Decline in group risk business slows significantly – Group Watch

The decline in group risk premiums slowed significantly last year, and death benefit and critical illness sums assured increased by over 7 per cent, according Swiss Re’s latest Group Watch report.

In-force sums assured grew in excess of premiums across all product lines in 2010, reflecting the competitive nature of the market, with death benefit sums assured increasing by 7 per cent, critical illness sums assured by 7.6 per cent and long-term disability income benefits by 1.6 per cent.
Overall, in-force group risk premiums fell by 1.8 per cent compared with 2009, with £1.485bn of business written. But Swiss Re says the results indicate the beginning of a recovery following an overall fall in premiums in 2009 of 7.7 per cent. And intermediaries interviewed for the report said they expected to be able to focus on growing their business now the issue of the default retirement age exception for group risk benefits had been resolved.
The report says competition between providers and intermediaries in 2010 was intense with little expectation that rates would harden. But the report says the competitive nature of the market was seen as a barrier to innovation with product providers and intermediaries focusing primarily on retaining existing books.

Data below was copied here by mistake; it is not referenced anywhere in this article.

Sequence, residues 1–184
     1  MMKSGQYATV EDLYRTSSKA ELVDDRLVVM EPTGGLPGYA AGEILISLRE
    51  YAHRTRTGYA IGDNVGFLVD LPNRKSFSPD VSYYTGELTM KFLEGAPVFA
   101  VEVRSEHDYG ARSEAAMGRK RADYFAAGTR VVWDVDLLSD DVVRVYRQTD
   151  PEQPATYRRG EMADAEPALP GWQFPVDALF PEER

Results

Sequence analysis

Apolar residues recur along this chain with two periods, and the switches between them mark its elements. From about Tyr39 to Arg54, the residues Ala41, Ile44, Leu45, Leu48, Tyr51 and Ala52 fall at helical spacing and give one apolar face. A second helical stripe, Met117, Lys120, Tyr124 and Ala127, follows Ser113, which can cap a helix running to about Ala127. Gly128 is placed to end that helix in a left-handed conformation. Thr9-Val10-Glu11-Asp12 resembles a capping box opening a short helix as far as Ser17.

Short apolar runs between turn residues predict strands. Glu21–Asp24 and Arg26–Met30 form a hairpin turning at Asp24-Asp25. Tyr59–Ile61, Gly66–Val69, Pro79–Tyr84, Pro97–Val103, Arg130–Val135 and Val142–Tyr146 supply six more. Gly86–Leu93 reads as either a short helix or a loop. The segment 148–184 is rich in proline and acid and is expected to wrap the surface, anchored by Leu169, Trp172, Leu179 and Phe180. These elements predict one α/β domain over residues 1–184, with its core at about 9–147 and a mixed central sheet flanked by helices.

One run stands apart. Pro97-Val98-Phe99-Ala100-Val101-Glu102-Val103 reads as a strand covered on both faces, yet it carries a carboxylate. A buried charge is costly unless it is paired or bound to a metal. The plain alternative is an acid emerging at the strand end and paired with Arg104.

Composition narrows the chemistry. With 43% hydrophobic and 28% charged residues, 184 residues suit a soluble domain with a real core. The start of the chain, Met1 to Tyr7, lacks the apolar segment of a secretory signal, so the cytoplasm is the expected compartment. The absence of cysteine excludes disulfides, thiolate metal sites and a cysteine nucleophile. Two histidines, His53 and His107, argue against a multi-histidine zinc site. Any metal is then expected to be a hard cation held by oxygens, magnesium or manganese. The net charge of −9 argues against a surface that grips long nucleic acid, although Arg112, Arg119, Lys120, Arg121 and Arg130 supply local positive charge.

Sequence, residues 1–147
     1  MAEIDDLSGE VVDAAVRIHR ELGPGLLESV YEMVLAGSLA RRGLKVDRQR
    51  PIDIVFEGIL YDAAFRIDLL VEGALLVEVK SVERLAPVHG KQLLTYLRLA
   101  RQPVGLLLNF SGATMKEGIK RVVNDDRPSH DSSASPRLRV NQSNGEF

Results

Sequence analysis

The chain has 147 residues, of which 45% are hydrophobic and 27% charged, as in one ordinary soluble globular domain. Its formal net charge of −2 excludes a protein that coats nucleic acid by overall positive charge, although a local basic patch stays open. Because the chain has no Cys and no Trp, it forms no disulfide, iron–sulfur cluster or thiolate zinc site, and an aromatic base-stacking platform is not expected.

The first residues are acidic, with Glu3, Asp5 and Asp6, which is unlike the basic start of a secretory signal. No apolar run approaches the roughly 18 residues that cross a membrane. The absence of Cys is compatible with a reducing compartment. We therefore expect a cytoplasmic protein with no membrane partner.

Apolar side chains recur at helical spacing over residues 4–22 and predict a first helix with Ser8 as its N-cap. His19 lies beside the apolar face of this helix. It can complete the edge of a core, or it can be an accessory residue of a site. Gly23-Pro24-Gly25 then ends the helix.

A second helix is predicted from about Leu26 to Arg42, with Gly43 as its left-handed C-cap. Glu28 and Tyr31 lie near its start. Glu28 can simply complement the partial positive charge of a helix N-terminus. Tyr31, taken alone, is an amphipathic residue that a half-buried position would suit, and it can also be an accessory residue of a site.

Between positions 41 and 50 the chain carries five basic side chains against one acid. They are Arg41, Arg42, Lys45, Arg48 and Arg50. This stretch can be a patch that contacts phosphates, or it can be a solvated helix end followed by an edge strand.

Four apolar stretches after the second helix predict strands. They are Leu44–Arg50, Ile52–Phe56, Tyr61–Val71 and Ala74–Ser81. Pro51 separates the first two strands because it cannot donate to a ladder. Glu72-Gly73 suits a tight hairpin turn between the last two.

Ron Wheatcroft, co-author of the report, says: “The results reflect the very competitive marketplace with pressure on employer costs feeding through to greater competition for intermediaries and product providers. Despite a modest reduction, the number of schemes in force held up well.
“Survey respondents frequently pointed to the important role for group risk schemes in the move away from state provision to greater self-responsibility.”
Katharine Moxham, spokesperson for Group Risk Development says: “It is most encouraging to see the results pointing to the beginning of a recovery compared with 2009. Although overall in-force group risk premiums have fallen very slightly compared with 2009, this reflects the highly competitive nature of this marketplace. In force benefits have grown across all product lines and the number of schemes in force has held up well, indicating that employers and employees still highly value these benefits.
“It is also encouraging to see survey respondents’ confidence returning, with increasing conviction that the industry has a strong role to play in the move away from state provision to greater self-responsibility.”